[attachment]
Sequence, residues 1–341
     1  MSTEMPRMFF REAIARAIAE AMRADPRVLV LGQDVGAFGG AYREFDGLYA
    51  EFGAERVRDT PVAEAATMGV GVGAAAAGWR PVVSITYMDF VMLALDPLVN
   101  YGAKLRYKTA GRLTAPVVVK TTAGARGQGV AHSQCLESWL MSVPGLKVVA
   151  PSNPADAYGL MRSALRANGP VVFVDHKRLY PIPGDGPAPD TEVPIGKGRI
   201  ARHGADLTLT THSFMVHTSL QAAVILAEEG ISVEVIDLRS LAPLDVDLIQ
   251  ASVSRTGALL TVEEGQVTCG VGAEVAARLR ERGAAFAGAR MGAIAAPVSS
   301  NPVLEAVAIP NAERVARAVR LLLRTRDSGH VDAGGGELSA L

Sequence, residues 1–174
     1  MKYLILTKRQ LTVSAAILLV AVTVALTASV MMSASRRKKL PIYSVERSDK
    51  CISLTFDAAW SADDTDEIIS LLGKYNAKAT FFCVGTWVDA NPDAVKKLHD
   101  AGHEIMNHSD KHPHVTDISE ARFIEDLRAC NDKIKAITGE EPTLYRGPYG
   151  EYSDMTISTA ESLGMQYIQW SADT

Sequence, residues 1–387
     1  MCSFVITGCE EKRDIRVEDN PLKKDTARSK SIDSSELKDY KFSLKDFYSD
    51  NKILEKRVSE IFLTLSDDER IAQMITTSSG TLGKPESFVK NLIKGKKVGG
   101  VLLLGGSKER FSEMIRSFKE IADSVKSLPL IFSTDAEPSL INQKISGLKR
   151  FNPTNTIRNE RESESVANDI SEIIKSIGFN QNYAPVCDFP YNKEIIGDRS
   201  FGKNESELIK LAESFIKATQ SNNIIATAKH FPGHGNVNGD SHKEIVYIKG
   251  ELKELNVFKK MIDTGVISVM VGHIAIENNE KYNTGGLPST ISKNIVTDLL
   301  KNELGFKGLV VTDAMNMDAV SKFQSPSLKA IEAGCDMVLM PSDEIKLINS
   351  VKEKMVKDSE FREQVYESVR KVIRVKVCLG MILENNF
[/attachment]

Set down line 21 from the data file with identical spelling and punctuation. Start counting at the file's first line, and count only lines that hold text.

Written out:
   301  KNELGFKGLV VTDAMNMDAV SKFQSPSLKA IEAGCDMVLM PSDEIKLINS